The Movie Network and Movie Central are premiering a new cop show today, but don't expect another case-of-the-week premise. "These cops weren't going to investigate anything because they think they know all they need to know, so it's just a matter of what they're going to do about it," said The Line co-creator George F. Walker in a recent interview. "They don't follow procedures. They are past caring about their jobs."
"They did it that way when they were younger," added his writing partner, Dani Romain, about Max and Donny (Ron White and Daniel Kash), the cops who cross the line. "They followed the rules and it didn't work, so they decided to make their own rules."
Walker and Romain have been working together for 12 years, since she was an assistant director for the successful playwright's Suburban Motel cycle at Factory Theatre in Toronto. Discovering a similar point of view, they began writing together and eventually co-created This Is Wonderland, which aired for three seasons on CBC.
For that series, which took place in the provincial court system, Walker and Romain sat in on trials for research. "We would have gone farther with This is Wonderland if it had been on cable," explained Walker. "We could have gone farther and still been truthful to that circus."
The Wonderland research influenced their take on The Line's Max and Donny. "They really want to make the world better but they've lost the plot a little," Romain said, before adding she isn't always sure their actions are wrong. "Sitting in those courts for so long, there's a lot of frustration. The system doesn't work. Throwing people in jail doesn't work. So why not take a different tactic?"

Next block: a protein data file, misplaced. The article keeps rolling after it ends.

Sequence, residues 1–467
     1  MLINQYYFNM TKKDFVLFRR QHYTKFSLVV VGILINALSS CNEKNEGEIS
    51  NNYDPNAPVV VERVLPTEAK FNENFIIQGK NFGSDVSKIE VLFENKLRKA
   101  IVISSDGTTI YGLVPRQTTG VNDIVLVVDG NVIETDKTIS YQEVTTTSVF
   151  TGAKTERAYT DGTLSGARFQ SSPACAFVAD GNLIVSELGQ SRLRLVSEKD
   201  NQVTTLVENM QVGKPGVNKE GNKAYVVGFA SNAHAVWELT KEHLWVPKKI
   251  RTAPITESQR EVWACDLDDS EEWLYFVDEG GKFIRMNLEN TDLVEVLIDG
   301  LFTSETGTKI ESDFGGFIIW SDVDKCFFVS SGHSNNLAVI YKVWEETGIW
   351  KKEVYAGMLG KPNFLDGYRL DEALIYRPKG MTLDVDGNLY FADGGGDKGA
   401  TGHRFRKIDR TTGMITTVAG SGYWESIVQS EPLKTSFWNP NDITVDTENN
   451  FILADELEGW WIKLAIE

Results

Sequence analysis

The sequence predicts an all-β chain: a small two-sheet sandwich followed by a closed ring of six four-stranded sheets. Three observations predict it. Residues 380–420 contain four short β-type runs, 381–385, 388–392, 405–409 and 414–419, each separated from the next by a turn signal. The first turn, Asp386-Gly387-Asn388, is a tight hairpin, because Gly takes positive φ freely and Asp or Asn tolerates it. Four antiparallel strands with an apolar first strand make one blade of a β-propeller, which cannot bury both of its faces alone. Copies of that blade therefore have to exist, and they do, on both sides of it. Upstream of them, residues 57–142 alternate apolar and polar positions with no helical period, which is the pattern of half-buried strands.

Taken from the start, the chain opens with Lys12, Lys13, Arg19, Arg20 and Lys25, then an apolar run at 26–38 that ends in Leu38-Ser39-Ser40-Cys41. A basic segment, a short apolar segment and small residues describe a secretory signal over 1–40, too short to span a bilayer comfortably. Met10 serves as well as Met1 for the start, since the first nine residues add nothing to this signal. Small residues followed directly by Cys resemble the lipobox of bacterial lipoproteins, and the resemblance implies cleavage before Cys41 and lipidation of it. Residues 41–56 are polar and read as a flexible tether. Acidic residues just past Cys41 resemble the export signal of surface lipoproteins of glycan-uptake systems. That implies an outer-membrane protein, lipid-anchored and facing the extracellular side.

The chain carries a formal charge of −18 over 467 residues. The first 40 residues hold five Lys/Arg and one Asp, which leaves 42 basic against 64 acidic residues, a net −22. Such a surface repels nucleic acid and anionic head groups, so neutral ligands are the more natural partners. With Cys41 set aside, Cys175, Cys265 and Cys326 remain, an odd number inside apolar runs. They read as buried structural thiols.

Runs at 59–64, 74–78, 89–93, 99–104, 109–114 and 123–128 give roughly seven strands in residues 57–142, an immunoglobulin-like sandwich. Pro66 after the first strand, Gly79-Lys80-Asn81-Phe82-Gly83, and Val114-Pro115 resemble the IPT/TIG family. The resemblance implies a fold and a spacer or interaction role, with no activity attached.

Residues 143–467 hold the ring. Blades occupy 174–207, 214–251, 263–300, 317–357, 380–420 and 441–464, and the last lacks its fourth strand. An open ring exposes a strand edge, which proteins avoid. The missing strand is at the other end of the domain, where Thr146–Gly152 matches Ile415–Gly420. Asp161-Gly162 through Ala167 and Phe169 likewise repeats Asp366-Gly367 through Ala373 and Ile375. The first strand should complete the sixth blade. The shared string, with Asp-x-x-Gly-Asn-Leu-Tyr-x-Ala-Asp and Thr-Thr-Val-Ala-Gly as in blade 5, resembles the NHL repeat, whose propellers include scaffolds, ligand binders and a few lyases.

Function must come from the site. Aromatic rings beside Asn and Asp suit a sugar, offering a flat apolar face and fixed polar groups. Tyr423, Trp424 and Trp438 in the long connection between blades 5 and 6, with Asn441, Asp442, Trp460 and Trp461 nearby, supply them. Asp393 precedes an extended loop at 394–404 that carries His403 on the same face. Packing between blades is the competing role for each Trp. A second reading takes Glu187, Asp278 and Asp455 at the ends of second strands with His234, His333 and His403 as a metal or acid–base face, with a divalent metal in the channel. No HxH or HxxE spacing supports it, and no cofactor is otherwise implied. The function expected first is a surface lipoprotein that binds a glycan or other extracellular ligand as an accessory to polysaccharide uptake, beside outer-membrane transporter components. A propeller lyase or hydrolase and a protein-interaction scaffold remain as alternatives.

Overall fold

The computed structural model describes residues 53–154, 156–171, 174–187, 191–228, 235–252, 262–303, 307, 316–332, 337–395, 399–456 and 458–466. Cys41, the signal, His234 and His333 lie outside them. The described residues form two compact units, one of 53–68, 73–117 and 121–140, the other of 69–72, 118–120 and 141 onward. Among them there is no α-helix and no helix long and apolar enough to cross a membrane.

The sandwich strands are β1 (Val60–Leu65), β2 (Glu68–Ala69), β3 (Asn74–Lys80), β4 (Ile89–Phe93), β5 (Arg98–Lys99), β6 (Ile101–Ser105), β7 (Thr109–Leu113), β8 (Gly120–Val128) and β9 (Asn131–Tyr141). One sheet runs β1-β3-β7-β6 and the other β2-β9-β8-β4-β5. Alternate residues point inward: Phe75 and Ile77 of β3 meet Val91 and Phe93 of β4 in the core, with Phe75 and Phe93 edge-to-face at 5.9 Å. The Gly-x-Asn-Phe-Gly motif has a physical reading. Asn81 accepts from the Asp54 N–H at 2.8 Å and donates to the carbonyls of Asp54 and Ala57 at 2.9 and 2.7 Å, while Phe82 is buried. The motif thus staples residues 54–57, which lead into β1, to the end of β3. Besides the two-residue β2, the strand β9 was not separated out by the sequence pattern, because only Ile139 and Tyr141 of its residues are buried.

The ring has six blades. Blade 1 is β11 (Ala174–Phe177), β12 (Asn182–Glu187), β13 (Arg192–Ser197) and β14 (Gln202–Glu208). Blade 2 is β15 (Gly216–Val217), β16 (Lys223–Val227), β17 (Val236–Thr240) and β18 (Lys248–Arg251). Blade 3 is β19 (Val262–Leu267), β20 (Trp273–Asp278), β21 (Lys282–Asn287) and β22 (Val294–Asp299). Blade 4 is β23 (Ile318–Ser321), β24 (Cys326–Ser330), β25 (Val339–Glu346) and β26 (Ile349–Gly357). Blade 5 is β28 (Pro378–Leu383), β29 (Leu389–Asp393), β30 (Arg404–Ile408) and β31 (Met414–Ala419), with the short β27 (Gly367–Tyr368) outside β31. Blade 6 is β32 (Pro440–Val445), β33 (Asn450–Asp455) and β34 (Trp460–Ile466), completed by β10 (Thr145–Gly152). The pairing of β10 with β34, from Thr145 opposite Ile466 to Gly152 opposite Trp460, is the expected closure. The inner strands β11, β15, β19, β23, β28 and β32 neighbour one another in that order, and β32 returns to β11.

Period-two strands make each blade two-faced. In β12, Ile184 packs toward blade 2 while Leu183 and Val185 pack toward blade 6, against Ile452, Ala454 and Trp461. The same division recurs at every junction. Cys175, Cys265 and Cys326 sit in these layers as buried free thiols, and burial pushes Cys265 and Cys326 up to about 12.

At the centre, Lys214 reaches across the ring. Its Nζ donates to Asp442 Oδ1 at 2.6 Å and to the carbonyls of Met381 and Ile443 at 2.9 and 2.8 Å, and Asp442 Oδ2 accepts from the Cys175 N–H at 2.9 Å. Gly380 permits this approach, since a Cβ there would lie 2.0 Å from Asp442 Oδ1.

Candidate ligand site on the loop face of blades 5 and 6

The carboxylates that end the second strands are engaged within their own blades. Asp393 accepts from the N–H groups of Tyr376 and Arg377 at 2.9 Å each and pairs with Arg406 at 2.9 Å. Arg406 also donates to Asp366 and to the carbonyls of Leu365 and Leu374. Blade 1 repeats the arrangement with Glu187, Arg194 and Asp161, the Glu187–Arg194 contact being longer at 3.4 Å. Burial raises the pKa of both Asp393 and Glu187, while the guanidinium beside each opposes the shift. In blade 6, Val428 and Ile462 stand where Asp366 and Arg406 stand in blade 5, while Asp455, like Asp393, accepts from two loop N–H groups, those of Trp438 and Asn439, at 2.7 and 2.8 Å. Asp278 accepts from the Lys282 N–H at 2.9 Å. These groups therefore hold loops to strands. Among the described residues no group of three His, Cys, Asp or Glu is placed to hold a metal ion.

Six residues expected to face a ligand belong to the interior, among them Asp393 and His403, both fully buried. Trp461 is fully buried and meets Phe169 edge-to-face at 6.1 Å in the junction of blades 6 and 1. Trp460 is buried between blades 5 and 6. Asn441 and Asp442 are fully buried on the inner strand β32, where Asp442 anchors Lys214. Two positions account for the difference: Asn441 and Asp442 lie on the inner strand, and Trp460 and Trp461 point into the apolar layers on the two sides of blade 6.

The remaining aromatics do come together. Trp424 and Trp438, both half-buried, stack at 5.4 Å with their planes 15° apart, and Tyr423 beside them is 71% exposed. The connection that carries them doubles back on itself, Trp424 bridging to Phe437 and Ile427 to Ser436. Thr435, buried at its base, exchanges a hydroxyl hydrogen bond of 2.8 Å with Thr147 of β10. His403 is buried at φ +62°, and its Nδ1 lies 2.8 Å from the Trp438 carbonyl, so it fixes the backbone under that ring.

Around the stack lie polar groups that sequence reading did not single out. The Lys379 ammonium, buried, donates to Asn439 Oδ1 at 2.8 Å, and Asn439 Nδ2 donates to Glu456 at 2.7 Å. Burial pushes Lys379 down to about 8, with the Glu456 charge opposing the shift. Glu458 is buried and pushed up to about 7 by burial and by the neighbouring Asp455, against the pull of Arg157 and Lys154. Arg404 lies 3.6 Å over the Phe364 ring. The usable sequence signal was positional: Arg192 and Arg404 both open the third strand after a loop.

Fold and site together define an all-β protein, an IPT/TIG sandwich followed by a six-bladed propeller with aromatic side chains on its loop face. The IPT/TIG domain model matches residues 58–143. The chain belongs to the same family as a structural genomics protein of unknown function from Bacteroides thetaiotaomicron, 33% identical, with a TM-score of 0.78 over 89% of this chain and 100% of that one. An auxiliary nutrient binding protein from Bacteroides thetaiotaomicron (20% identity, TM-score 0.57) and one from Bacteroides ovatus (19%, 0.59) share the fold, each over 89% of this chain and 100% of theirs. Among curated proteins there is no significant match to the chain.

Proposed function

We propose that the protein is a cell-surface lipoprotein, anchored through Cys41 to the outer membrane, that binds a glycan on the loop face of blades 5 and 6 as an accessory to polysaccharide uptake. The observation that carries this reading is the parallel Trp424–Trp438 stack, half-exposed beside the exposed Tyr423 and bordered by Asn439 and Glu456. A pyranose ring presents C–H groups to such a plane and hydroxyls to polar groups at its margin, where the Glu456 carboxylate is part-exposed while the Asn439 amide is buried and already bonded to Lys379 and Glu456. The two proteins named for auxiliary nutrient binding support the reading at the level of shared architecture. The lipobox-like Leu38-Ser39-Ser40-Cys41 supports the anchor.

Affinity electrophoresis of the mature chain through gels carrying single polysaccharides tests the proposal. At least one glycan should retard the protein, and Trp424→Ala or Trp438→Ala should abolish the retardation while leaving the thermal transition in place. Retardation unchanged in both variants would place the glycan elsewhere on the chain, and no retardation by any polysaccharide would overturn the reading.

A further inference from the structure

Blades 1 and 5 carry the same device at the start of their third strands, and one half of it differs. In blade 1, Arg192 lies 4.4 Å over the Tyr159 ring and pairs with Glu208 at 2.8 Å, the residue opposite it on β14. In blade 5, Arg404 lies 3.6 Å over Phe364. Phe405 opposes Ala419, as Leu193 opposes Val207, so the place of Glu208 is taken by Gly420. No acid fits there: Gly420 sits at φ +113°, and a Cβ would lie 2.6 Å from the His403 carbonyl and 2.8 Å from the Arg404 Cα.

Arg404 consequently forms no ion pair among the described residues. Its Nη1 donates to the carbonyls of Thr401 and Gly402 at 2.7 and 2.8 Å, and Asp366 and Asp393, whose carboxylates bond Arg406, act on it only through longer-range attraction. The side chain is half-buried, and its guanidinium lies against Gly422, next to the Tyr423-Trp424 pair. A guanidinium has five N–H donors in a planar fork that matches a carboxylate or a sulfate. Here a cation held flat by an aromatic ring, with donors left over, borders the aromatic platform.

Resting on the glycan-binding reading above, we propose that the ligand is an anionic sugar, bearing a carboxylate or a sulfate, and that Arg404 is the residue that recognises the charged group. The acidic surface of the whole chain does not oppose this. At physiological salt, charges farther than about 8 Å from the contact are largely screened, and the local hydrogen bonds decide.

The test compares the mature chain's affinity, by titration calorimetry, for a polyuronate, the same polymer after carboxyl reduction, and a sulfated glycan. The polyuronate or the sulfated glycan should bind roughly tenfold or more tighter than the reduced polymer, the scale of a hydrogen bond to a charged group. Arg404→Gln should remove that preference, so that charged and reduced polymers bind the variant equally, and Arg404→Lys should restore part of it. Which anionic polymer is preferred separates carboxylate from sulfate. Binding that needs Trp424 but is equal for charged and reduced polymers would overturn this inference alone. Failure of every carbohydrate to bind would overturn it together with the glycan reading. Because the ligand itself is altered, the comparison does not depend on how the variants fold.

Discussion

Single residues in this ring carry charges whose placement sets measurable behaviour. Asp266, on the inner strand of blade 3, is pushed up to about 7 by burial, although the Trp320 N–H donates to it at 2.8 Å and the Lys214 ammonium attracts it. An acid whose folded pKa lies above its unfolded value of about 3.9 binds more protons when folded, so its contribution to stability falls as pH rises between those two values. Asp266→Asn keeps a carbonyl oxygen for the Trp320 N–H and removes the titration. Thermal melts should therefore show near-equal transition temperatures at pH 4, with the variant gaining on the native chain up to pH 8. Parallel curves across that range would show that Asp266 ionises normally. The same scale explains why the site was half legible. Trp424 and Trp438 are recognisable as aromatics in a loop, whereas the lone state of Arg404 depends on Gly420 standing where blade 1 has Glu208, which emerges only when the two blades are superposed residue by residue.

"This is how they make their living, but we were more interested in their personal relationships and who they were as people," Walker offered. "I think our point of view is that there's not an agenda – we aren't judging these characters."
That applies equally to the drug dealers Max and Donny encounter. "We show how hard it is to make a life that way. It's not as easy to make a living at it as people think," Romain claimed.
By focusing on the characters and their lives on and off the job, The Line stays away from the familiar crime procedural model. "The great thing about working with The Movie Network and Movie Central is they don't do conventional television, so as a writer you're not bound by conventional constructs," said Romain. "You have absolute freedom where you can write a story about the characters and have them carry you forward. Basically what we've done is a 15-episode novel."
The distributor wanted an American presence in the series, so Ed Asner, Linda Hamilton, and Sharon Lawrence are part of the large ensemble cast, which also includes Cle Bennett, Wes "Maestro" Williams, and Sarah Manninen.
Walker compares the tone with shows like Deadwood, The Sopranos, and Dexter, pointing out that television has recently begun to embrace the "contemporary philosophy" that comedy and drama should be mixed, and in fact stem from the same place.
And even if there's no overt message to The Line, no clear-cut good guys to root for and bad guys to despise, Walker believes their goal as writers is to allow the audience to find "little truths about the world in which we live and the characters and the people who live in it. Not monumental truths, but day-to-day truths about how they feel or what they're worried about or how they behave – sometimes really well, and sometimes extraordinarily badly."
The Line premieres Monday, March 16 at 1 pm ET on The Movie Network and 9 pm PT on Movie Central.